Air New Zealand cancels flights after “events” involving Rolls-Royce engines

Engines on its Boeing 787-9 jets would now require early maintenance, Air New Zealand said in a statement. Above, a Boeing 787 aircraft takes off from Auckland Airport. (Reuters)
Updated 07 December 2017

Air New Zealand cancels flights after “events” involving Rolls-Royce engines

WELLINGTON: Air New Zealand said on Thursday “two recent events” involving Rolls-Royce Holdings Trent 1000 engines had prompted it to cancel and delay some international flights over the coming weeks, making it the latest airline to experience problems.
Engines on its Boeing 787-9 jets would now require early maintenance, it said.
Rolls-Royce told investors in August that 400 to 500 Trent 1000 engines were affected by issues with components wearing out earlier than expected, according to a conference call transcript.
Air New Zealand did not disclose the nature of the two events, but the New Zealand Transport Accident Investigation Commission said it was investigating two events involving “engine abnormalities” on Air New Zealand aircraft this week.
The Aviation Herald reported on Tuesday that an Auckland-Tokyo flight had returned to its base after take-off due to an engine issue, while plane tracking website FlightRadar24 said a flight to Buenos Aires had returned to Auckland on Wednesday.
Japan’s ANA Holdings and Britain’s Virgin Atlantic have also reported issues with the engines over the last 18 months.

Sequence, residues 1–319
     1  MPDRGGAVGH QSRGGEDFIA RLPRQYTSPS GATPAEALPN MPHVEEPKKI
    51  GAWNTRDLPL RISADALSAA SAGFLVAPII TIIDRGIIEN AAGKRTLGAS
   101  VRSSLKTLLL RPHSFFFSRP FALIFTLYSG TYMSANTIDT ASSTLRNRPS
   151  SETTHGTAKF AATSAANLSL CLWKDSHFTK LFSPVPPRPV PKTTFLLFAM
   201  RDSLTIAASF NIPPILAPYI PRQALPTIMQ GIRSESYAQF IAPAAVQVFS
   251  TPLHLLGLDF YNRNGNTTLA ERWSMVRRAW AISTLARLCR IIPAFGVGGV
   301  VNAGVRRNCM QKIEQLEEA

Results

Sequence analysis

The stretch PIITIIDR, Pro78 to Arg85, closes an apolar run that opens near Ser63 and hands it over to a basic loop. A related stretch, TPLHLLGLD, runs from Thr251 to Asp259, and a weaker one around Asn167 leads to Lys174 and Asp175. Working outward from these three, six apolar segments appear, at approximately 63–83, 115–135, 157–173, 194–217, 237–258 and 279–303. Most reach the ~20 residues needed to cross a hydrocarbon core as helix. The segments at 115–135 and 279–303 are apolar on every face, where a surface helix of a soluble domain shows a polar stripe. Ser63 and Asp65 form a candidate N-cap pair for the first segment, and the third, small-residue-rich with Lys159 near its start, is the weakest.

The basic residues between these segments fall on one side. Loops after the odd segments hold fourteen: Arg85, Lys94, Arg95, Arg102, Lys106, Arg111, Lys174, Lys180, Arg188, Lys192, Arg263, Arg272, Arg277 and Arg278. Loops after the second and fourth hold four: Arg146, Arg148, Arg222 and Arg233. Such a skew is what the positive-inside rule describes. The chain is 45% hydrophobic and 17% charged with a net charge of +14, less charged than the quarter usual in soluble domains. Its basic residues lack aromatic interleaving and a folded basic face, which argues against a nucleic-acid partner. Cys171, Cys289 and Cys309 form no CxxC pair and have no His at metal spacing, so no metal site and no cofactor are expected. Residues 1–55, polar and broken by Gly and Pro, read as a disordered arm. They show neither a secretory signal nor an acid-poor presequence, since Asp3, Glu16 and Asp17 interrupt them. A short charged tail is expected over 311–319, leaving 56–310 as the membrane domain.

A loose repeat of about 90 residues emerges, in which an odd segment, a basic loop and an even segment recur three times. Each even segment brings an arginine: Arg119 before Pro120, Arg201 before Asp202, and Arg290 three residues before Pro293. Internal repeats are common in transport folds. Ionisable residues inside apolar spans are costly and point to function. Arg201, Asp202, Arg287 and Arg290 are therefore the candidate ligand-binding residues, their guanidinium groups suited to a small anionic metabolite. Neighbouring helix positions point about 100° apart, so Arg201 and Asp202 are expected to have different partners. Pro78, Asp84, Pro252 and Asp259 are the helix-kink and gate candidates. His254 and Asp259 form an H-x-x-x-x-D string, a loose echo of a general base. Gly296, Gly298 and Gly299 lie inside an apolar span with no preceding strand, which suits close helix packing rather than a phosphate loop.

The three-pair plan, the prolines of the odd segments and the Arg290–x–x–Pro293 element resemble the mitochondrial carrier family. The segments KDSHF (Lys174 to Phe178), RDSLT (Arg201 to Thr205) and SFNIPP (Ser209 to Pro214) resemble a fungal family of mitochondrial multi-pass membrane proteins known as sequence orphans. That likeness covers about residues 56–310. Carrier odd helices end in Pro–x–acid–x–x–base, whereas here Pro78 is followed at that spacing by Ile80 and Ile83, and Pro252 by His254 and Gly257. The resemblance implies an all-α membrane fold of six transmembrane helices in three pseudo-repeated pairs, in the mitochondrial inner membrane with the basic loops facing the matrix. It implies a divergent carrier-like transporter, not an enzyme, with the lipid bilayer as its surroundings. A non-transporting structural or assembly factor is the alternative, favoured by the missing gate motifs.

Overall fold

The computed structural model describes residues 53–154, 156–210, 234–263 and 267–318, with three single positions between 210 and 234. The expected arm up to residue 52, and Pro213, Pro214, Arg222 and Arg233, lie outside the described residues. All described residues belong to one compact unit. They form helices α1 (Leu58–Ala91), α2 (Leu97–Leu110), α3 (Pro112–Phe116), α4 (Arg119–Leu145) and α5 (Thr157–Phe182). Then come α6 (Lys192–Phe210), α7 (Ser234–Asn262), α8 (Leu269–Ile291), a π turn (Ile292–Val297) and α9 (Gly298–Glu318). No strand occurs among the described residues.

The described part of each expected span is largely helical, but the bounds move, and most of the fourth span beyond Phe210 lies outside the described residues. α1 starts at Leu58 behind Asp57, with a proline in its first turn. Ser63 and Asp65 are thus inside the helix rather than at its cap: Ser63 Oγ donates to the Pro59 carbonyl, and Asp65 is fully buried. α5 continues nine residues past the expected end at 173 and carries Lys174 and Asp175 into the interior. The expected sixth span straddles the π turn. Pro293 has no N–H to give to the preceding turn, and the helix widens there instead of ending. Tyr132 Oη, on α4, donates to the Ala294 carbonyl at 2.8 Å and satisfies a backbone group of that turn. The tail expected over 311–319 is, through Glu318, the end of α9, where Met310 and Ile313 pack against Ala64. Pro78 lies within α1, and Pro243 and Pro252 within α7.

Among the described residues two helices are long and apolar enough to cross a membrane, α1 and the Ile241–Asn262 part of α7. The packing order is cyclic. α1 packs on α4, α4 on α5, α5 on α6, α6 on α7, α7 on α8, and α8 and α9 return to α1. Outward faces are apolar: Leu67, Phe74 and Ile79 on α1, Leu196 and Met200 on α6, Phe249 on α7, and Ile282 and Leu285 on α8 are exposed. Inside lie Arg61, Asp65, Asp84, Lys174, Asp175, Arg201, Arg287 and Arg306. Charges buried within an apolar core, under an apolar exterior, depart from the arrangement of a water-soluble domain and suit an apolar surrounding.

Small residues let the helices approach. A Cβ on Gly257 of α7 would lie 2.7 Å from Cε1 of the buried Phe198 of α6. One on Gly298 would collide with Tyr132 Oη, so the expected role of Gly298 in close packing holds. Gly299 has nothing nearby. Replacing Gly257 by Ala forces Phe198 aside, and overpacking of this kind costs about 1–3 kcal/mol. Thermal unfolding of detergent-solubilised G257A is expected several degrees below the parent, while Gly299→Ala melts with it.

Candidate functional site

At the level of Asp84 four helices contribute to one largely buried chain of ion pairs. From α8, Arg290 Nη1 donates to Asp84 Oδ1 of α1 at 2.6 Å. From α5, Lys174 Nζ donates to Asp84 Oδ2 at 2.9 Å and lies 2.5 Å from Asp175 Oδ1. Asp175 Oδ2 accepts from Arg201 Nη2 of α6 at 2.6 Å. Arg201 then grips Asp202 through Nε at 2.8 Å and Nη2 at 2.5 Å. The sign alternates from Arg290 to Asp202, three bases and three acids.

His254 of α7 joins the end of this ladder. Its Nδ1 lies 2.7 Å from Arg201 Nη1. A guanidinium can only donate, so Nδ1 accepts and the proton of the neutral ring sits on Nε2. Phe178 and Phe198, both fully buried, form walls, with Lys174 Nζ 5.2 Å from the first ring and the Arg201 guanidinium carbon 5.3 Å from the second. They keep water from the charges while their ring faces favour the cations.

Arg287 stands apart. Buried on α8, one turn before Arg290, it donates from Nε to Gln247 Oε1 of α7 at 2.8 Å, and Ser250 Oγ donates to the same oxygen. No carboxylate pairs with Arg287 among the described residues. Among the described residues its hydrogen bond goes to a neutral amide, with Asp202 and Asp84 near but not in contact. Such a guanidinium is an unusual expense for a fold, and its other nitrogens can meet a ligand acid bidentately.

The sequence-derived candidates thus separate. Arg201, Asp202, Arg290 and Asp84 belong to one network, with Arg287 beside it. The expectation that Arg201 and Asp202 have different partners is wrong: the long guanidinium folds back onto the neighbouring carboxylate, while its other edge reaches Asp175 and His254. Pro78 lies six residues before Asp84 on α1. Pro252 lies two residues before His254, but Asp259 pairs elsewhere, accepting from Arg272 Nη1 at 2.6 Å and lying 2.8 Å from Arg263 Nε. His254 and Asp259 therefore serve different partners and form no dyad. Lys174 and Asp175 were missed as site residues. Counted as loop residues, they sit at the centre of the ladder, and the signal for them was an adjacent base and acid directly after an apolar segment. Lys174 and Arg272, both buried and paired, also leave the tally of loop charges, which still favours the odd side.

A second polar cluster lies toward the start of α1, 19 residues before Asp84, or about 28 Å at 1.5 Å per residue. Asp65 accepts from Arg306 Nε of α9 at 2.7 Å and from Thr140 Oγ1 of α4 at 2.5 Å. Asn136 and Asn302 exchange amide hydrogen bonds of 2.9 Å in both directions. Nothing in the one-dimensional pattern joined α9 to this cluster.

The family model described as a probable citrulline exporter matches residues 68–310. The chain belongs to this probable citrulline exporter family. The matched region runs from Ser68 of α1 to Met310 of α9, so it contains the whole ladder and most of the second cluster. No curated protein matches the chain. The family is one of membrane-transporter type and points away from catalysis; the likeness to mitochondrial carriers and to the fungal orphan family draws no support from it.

Air New Zealand said Rolls-Royce did not have spare engines available while the maintenance work was being undertaken, meaning it would be focused on finding replacement aircraft capacity.
Rolls-Royce said it was working with Air New Zealand to minimize disruption and restore full flight operations as soon as possible.
“It’s not uncommon for long-term engine programs to experience technical issues during their life and we manage them through proactive maintenance,” a Rolls-Royce spokeswoman said.
Air New Zealand said it did not anticipate any change to current earnings guidance at this stage.


Key to success is passion: PepsiCo official

“I always think success is married with passion,” Simon Lowden said, adding that he likes to get involved with ideas that excite him
Updated 49 min 19 sec ago

Key to success is passion: PepsiCo official

  • Lowden was speaking at a session titled “100 years is a long time: Preparing for multiple shifts.”

RIYADH: The key to success is being passionate about what you do, Simon Lowden, chief sustainability officer at PepsiCo, told a brainstorming session at the Misk Global Forum in Riyadh on Wednesday.

“I always think success is married with passion,” he said, adding that he likes to get involved with ideas that excite him.

“I started my life in a small farming village, went to London to attend university, joined PepsiCo … and now I run our sustainability agenda,” he said. “This made me rich as a person, and I did things I really enjoyed.”

Lowden was speaking at a session titled “100 years is a long time: Preparing for multiple shifts.”

Other panelists included Dave Brooke, vice president of client solutions at Dell Technologies; Kevin Gaskell, an international speaker on leadership and business performance; Deloitte CEO David Sproul; and Nancy Yammout, general director of the NGO Rescue Me. The session was moderated by Lebanese journalist and politician Naufal Daou.